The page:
The effects of sociodemographic factors and comorbidities on sepsis: A nationwide Swedish cohort study

Henning Stenberg, Xinjun Li, Wazah Pello-Esso, Sara Larsson Lönn, Sara Thønnings, Ardavan Khoshnood, Jenny Dahl Knudsen, Kristina Sundquist, Filip Jansåker

Forskningsoutput: TidskriftsbidragArtikel i vetenskaplig tidskriftPeer review


Sepsis is a severe condition, representing a significant public health concern, especially in the elderly. There is, however, little insight into the potential effects of sociodemographic factors and comorbidities on sepsis incidence and how these factors interact. This was a nationwide open cohort study including individuals (N = 6746010) in Sweden ≥ 18 years of age spanning from 1997 to 2018, with 116175995 person years of follow-up. The outcome was time to first occurrence of sepsis. The following variables were included in the analysis: sociodemographic factors (age, sex, income, education, marital status, region of residency, and country of origin), severe mental disorders (schizophrenia and bipolar disorders), and Charlson Comorbidity Index. Interaction tests were conducted. A total of 161558 individuals were diagnosed with sepsis during the study period, corresponding to an incidence rate of 13.9 per 10000 person years (95% CI: 13.8 – 14.0). The main findings were that male sex, high age, low education, and comorbid conditions were positively associated with sepsis, after adjustments for the other covariates. Being aged 80 years and above yielded a HR of 18.19 (95% CI: 17.84 – 18.55) and the effect of high age was more than twice as high in men than in women. In conclusion, this large nationwide cohort found that several sociodemographic factors and comorbid conditions were independently associated with sepsis and men were more affected by higher age than women. These findings can help improve sepsis awareness and preventive work in risk groups.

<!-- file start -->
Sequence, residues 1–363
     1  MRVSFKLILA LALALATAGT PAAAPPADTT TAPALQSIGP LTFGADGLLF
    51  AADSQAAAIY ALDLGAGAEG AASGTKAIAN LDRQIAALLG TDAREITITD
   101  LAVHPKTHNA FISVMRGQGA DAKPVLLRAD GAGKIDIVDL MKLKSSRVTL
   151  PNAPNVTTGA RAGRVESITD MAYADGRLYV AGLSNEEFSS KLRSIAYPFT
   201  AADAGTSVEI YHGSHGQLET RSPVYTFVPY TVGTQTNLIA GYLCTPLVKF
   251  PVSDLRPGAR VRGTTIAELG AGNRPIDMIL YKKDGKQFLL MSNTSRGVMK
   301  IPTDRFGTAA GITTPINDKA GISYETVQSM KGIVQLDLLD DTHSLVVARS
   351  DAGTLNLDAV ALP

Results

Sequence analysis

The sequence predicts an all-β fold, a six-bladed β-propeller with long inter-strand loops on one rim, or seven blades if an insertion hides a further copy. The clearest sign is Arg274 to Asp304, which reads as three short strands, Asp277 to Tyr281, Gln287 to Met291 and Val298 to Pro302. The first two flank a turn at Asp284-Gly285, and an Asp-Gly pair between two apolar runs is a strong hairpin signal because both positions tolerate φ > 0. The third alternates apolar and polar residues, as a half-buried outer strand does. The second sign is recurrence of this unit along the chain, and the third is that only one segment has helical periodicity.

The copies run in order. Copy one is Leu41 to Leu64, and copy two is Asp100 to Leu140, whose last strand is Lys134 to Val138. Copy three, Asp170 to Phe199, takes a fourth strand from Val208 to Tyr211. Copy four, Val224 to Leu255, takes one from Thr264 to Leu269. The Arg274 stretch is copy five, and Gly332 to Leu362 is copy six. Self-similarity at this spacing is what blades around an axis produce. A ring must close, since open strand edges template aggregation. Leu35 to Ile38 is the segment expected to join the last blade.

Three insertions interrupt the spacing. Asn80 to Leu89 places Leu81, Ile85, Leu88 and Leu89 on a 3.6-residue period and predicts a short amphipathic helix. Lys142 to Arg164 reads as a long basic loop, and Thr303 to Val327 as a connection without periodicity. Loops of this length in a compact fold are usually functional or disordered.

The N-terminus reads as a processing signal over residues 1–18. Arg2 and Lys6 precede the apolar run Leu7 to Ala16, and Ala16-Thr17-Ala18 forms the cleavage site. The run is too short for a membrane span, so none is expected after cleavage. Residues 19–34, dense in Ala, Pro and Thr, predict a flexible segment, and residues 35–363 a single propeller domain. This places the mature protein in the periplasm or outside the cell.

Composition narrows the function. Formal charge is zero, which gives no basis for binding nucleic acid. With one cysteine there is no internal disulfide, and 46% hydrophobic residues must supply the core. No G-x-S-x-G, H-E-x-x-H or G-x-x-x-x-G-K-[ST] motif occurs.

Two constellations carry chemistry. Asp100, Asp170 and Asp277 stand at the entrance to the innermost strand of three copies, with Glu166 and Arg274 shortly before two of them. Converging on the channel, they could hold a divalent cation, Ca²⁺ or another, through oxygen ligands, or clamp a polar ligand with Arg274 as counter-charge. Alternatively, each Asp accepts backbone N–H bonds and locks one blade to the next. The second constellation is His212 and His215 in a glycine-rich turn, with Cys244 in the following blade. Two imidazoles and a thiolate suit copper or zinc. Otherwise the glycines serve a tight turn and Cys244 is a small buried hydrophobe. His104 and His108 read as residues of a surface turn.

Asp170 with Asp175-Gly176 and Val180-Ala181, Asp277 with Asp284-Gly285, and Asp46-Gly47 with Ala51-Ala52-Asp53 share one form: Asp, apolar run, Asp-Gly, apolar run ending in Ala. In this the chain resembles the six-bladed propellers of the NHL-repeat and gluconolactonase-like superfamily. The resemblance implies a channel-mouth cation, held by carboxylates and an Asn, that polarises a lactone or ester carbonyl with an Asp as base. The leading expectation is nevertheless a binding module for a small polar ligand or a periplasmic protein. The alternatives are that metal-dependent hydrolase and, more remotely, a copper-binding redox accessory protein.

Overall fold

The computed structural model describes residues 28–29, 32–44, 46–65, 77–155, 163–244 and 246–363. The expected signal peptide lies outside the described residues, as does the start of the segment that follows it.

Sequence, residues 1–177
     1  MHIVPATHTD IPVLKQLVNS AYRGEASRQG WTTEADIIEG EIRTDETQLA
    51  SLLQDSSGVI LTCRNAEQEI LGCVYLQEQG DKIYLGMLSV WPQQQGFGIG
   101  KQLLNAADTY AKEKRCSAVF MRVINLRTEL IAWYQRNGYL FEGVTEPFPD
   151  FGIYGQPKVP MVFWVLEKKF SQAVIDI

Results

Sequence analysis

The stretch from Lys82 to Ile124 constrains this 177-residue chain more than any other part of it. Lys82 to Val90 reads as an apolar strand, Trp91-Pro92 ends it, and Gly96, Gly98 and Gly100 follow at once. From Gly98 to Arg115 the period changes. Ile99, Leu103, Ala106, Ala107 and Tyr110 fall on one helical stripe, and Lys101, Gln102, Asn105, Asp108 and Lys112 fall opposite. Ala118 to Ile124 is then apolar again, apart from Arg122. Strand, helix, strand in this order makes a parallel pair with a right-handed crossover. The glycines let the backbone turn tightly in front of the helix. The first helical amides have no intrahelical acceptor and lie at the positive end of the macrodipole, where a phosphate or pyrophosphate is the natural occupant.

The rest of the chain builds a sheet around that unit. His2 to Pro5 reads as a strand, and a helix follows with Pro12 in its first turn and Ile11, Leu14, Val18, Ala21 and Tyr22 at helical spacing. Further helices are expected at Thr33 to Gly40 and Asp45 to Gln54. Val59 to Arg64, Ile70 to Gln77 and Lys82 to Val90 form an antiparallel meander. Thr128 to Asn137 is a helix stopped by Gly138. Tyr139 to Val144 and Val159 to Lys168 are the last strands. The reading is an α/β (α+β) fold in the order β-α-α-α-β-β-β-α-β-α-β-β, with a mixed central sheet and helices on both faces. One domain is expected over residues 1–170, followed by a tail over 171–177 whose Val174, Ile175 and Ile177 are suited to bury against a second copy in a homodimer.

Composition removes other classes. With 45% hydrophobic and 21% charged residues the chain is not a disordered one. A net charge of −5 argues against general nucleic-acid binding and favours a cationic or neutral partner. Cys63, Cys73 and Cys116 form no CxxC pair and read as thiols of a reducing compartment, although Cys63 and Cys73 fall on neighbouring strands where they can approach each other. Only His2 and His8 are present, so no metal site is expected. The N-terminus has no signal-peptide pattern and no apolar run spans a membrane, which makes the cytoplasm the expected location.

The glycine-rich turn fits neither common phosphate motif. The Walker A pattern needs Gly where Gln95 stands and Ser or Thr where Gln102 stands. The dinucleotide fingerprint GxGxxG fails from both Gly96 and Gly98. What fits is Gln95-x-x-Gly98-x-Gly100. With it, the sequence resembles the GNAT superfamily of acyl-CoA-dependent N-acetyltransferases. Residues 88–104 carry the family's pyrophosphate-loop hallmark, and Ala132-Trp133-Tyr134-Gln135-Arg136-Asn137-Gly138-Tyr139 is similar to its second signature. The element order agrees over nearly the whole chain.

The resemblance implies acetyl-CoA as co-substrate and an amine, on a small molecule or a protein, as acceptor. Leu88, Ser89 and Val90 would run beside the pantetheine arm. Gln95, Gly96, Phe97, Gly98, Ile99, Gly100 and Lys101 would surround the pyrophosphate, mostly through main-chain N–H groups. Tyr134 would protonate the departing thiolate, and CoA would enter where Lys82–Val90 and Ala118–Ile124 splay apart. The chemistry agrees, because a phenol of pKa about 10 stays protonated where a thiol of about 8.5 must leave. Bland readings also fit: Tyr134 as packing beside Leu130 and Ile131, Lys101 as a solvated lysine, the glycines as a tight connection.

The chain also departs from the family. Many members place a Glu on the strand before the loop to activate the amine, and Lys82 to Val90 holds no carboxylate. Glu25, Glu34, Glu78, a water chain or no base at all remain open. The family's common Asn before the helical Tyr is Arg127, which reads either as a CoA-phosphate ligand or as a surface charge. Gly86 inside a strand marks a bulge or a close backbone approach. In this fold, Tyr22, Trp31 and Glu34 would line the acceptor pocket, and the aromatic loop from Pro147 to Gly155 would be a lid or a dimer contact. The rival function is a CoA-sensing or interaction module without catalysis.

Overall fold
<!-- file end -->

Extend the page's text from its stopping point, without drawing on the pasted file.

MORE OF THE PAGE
TidskriftPreventive Medicine Reports
StatusPublished - 2023 juli

Ämnesklassifikation (UKÄ)

  • Folkhälsovetenskap, global hälsa, socialmedicin och epidemiologi


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